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This At-Home Hairstyling App Is Transforming the Salon Experience

Stephanie Belcher (left) and Debra Shigley met through Belcher’s sister, who is Shigley’s longtime friend. (Fennella Miller)

If you’re a resident of the Greater Atlanta area who has ever wanted an alternative to waiting for hours in the hair salon, the Colour in-home hair-styling app is for you.

Founded by Debra Shigley and Stephanie Belcher in 2016, the company has become a huge hit thanks to word of mouth from clients and stylists alike. Serving the metro area with pockets in Stone Mountain, College Park and Smyrna, Ga., this innovative app has been known to send stylists to homes beyond its 7 a.m.-8:30 p.m. business hours. In an exclusive Q&A, Shigley and Belcher reveal the inside scoop on Colour, which can be downloaded for the iPhone on the App Store, and why there’s room for heatless and blow-dried straight styles in the natural hair space.

What is the problem with the long wait times at traditional salons? How is the process at Colour different?

Shigley: There are lots of bottlenecks in the traditional salon experience that are eliminated by our service. One of them would be hair washing. We do have many clients who like us to wash their hair now that we’ve added that onto our secret menu. But that’s one piece of it that would start the bottleneck. Another thing is that most of our stylist have a one-seat mentality. Basically, we don’t believe in hooded dryers, so you’re with a stylist from start to finish. So, you’re at the house [and] if you’re doing the blowout, you’re starting on wet hair. Our stylist is working the entire time. There’s no downtime. In the modern era, you can process the hair into a style and everybody’s on their way and you can air dry on your own time.

Goddess braids are among the most-popular styles at Colour. (Colour App)

What are the most popular hairstyles clients request?

Shigley: Probably the most popular all-around is just blow dried straight. [We call it] “The Luxe.” It’s blow dried straight with curls. That’s sort of like the classic full, bouncy, blow-dried look. Flat twists have been the look of the summer in different ways. We’re having a moment in Black hair — Issa Rae on “Insecure” is driving a lot of trends and awareness, so we sort of consider her our muse for a lot of different clients. Of course, summertime goddess braids in various different custom variations. We have a couple signature looks: One is the lady braid that Ciara did on the red carpet some time ago. That one is a double halo braid that starts as a traditional braid and then the braids transition to a fishtail braid and then it wraps around the head in a double halo. People really like it for weddings, corporate as well.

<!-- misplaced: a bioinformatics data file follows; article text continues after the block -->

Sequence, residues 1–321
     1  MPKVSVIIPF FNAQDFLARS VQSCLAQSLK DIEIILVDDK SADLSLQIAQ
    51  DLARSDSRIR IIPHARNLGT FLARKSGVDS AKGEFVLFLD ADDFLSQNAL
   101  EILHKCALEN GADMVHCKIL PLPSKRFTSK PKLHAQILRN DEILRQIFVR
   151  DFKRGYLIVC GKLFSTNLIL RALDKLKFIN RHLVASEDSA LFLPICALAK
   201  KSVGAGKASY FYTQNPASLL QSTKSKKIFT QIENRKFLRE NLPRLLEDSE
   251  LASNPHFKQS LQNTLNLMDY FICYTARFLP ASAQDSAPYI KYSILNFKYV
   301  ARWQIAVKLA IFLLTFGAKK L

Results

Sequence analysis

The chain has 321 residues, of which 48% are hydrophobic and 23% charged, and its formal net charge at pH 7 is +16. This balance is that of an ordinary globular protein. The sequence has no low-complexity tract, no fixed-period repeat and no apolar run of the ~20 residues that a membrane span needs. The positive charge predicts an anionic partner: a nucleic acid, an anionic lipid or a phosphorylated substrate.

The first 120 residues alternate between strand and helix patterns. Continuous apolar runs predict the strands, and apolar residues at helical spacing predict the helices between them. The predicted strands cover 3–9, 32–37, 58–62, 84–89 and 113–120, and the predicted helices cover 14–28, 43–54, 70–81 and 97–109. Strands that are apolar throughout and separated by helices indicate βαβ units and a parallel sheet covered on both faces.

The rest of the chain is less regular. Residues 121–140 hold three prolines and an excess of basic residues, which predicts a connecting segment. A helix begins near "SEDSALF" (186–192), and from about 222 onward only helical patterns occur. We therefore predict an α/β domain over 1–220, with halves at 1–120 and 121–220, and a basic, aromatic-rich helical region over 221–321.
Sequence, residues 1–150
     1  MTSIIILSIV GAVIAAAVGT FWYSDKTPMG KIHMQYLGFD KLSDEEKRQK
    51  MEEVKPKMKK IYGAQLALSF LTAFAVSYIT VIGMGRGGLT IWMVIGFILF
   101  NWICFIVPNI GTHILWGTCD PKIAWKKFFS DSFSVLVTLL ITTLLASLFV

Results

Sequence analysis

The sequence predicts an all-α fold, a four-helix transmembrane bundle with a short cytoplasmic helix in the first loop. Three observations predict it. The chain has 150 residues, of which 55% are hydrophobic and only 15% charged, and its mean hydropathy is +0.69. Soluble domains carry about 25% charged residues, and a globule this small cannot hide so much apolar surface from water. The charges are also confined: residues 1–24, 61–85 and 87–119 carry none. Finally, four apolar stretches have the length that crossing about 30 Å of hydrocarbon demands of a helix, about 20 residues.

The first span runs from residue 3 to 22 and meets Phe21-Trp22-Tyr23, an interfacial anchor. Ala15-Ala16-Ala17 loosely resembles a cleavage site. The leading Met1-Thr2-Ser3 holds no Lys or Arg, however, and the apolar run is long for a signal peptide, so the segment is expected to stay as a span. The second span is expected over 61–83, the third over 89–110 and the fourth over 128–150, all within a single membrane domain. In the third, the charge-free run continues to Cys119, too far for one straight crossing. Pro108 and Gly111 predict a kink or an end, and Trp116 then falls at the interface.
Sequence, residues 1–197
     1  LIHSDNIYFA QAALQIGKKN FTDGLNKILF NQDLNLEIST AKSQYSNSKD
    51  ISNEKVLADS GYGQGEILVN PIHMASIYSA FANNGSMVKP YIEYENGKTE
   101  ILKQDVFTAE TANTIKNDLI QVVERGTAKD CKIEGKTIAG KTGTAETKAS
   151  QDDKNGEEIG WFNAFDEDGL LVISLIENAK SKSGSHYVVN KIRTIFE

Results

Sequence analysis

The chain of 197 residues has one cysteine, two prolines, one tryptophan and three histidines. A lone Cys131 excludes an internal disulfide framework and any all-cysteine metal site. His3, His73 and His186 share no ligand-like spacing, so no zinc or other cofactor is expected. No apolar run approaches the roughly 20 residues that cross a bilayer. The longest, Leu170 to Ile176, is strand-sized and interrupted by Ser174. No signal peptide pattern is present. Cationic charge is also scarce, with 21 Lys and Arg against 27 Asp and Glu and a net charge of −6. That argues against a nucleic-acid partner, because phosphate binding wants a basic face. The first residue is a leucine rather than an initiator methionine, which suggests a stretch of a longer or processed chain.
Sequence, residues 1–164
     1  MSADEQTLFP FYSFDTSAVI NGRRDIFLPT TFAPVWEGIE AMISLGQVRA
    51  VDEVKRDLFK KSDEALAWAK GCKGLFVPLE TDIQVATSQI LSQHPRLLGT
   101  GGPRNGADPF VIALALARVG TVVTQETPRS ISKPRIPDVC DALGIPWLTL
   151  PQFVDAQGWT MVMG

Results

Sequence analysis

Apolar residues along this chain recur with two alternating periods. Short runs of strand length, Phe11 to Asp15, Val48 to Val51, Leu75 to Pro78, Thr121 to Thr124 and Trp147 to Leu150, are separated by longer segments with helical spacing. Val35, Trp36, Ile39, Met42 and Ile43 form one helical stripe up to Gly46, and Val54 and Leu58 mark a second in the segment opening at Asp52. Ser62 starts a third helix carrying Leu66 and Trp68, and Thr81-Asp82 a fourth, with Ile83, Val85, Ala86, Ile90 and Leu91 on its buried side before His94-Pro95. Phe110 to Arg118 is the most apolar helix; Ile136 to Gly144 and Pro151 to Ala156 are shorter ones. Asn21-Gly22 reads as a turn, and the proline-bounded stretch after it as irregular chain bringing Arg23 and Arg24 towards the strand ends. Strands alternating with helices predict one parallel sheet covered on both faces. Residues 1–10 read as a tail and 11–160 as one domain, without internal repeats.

How does Colour remedy issues with a final hairstyle?

Belcher: Our customer service is the biggest piece of this to make it all work. Many of the times when a customer is not loving her hair in the way that she thought she would, more than likely it’s a miscommunication between [the way the] client speaks and stylist speaks. We help to negate those things more often than not so those that slip through, we handle and make right. We have a “Great Hair Guarantee,” so if you’re not in love with your hair, we will re-do [the same style for free according to your schedule].

What is Colour’s stance on weave?

Shigley: We have [done weaves] for select clients in the past, [but the] answer is ‘no.’ We’ve debated it. Our initial reason was purely business reasons but over the past year, I think the essay [on weave and alopecia] I wrote was more about uncovering an issue we never knew existed and that was this growing, arguably epidemic amongst Black women. We’re not anti-weave as a company, we’re anti-baldness and I think that’s really what it comes down to. [As a mom] I think about if my daughter started a hair practice in their teens and that practice was clinically shown to cause hair loss, would I encourage that? Would I want her to do that?